The 11 Research Partnership Principles: Views from the South
As part of the International Conference on Research for Development (http: //www.icrd.unibe.ch/) held by the NCCR North-South in Bern, Switzerland, the KFPE organised a workshop on its 11 principles for research partnerships (3 July 2008).
The KFPE intends to adapt these 11 principles to current trends, developments and experience, and also develop them further. Accordingly, it invited 3 experienced researchers from the South to provide reflections based on their own experience and also offer their perspectives on the KFPE principles. Are the principles generally useful and applicable? Which principles are difficult to implement or even unrealistic? Are any elements missing? etc. These questions were of interest with respect to further development of the 11 principles.
Marian Perez, Facultad Latinoamericana de Ciencias Sociales, JACS Coordingator Central America, Costa Rica
Bassirou Bonfoh, Centre Suisse de Recherches Scientifiques, Abidjan, Côte d’Ivoire
Doulaye Koné, Department of Water and Sanitation in Developing countries, SANDEC/EAWAG, Dübendorf, Switzerland.
All three researchers found the 11 principles basically helpful, well-conceived, and still relevant. While Marian Perez noted in particular that education needed to be anchored explicitly and more firmly in the principles, Bassirou Bonfoh underscored the importance of transparency within research partnerships, especially concerning budgetary issues, use of data, and ownership of results. Doulaye Koné focused on the enormous differences between North and South in his presentation, and joined the other two speakers in calling attention to the importance of time. As a rule, it is possible only after a number of years to have a research partnership that is based on mutual trust, responds to and takes account of the different and sometimes conflicting expectations and goals of the partners, and also fosters capacity development. Yet research projects often have durations of only 3 years.
All three speakers emphasised the importance of research capacity, which must be the central aim of research partnerships. This requires training, further education, and development of curricula. Yet these things are frequently possible only after years and, in particular, they require political engagement at the local level (-> but research is often the first thing to be curtailed when a country encounters problems, as one African participant noted during the discussion). The speakers agreed that the NCCR North-South has already had a very positive impact on capacity development, particularly in places where institutional cooperation in research existed previously.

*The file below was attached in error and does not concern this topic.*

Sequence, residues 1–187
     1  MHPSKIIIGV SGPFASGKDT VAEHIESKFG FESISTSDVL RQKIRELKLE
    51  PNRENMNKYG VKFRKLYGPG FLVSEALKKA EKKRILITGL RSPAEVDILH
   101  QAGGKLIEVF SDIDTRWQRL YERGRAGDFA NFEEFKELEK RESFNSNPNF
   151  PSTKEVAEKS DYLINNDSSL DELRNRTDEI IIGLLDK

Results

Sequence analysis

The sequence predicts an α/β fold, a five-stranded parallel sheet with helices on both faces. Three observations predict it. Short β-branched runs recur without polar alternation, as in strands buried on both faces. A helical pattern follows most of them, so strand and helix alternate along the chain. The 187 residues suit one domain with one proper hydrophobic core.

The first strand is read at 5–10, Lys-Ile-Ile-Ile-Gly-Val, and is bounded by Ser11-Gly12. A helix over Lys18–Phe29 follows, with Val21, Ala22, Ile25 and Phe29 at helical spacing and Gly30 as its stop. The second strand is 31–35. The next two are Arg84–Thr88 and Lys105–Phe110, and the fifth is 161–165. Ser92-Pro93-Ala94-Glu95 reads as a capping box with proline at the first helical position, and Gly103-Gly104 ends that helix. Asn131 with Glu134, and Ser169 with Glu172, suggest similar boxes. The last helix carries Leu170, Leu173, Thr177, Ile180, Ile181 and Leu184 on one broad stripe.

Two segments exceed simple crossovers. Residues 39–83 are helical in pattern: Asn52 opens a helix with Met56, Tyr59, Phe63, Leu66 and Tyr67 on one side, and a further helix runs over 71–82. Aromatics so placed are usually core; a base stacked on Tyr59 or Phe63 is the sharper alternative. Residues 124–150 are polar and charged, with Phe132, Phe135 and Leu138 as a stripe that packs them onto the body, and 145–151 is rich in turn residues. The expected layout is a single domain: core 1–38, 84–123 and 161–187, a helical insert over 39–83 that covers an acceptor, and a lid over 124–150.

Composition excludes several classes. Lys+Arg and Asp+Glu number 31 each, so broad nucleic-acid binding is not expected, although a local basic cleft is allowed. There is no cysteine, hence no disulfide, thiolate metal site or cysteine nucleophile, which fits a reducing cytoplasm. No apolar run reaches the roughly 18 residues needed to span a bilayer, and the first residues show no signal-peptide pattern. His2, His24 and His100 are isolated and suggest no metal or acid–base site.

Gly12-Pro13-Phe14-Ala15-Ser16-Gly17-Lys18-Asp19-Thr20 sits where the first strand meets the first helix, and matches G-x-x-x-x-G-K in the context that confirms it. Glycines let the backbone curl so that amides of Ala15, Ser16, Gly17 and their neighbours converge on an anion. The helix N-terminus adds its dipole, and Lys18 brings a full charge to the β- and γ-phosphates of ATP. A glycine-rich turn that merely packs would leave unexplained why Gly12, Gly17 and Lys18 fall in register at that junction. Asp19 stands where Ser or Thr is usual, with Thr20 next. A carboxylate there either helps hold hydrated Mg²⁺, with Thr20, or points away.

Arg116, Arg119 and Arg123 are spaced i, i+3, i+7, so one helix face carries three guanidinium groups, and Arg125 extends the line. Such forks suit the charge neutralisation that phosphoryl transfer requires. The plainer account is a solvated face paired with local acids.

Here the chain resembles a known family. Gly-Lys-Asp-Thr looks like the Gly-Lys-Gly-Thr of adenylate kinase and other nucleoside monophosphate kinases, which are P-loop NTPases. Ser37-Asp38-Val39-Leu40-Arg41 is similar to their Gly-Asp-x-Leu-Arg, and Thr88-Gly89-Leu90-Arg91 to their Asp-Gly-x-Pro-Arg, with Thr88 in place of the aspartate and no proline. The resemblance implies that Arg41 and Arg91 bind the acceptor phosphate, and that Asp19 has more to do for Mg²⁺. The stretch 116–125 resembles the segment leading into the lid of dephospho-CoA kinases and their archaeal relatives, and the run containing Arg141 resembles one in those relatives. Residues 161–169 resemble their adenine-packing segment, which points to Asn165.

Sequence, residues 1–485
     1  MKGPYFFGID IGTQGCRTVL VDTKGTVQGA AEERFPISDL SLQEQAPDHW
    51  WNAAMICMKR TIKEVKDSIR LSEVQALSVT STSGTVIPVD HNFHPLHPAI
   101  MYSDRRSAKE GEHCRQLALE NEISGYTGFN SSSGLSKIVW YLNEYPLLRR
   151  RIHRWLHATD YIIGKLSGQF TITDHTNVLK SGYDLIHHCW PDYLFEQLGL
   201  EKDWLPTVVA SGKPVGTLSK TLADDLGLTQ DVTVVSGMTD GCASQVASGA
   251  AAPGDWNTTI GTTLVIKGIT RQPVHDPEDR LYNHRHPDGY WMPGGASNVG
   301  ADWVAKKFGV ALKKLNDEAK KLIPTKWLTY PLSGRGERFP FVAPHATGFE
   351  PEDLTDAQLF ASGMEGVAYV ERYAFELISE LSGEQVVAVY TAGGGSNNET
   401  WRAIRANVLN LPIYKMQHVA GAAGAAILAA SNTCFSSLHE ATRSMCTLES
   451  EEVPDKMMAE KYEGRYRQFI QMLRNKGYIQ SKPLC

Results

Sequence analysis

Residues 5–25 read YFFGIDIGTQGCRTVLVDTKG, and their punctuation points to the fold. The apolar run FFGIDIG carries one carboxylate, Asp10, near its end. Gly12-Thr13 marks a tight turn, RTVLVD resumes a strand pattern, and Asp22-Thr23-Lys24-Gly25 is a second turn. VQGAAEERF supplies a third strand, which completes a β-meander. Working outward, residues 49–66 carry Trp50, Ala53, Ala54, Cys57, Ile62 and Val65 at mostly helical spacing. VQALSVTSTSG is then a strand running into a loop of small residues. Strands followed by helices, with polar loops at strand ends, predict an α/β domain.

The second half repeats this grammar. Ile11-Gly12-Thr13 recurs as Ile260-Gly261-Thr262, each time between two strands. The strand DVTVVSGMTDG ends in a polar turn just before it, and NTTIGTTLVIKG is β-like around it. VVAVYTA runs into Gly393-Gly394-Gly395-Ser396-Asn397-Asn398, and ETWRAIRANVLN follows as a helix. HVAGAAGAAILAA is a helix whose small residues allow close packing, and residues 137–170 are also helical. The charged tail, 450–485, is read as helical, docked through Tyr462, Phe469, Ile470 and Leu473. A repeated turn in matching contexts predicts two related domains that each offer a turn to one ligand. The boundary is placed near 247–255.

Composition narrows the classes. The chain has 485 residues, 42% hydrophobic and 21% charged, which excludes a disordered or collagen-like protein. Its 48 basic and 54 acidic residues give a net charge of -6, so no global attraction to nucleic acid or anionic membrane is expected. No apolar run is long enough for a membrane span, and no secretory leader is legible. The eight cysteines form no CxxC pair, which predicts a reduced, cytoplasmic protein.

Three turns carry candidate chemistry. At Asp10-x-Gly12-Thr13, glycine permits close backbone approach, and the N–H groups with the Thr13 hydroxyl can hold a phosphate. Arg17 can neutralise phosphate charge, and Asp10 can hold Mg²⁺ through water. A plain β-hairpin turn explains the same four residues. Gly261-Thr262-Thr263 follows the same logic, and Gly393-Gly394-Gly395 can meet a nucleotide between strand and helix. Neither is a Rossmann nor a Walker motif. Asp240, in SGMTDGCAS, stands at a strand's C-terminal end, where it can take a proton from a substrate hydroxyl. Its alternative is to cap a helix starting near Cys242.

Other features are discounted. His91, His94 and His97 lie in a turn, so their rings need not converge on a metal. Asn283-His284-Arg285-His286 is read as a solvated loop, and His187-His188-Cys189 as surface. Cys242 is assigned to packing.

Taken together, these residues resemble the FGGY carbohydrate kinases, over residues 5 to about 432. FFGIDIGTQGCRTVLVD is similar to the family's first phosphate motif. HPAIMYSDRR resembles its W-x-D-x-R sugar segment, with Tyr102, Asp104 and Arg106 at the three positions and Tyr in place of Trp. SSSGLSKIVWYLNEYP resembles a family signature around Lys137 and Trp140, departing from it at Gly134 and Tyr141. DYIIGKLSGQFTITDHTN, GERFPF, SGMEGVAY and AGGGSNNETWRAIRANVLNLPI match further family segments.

Another important aspect mentioned by all three speakers was co-financing. How can one speak of partnership if money comes only or largely from one side?
The lively discussion in the plenary session emphasised the importance of time ((it took 10 years until we were recently able for the first time to submit a joint research proposal, noted one participant)), capacity development, and local commitment, as well as the difficulty of harmonising the different aims of such partnerships – such as high-quality scientific research with aspects relevant to development or training and with partnership principles.
It was also noted that there are two very different levels of partnership in principle – those that operate on a relatively symmetrical level, and those that are characterised by great asymmetry when there is virtually no research capacity in the partner country. These two levels must be approached very differently, and they also have very different overall aims.
It was suggested with respect to the 11 principles that further development take place on the basis of know-how already gained, and that particular attention be given to possible obstacles and difficulties and to capitalising on experience that could overcome them. In addition, it was proposed that gender aspects be specifically integrated.
Presentations available for download:
Non-equilibrium and comparative
advantage in South-North
Parternership by Bassirou Bonfoh
Challenges in applying KFPE 11 principles
in projects aiming at developing
expertise and capacities for
innovation and sustainable sanitation
programmes implementation by Doulaye Koné
A revision of the eleven
Research Partnership Principles
in the light of
lessons learned from an analysis
of POLIS by Marian Pérez
Abstract available for download:
Challenges in applying KFPE 11 principles in Research Partneship - in
projects aiming at developing expertise and capacities for innovation and
sustainable sanitation programmes implementation.
by Doulaye Koné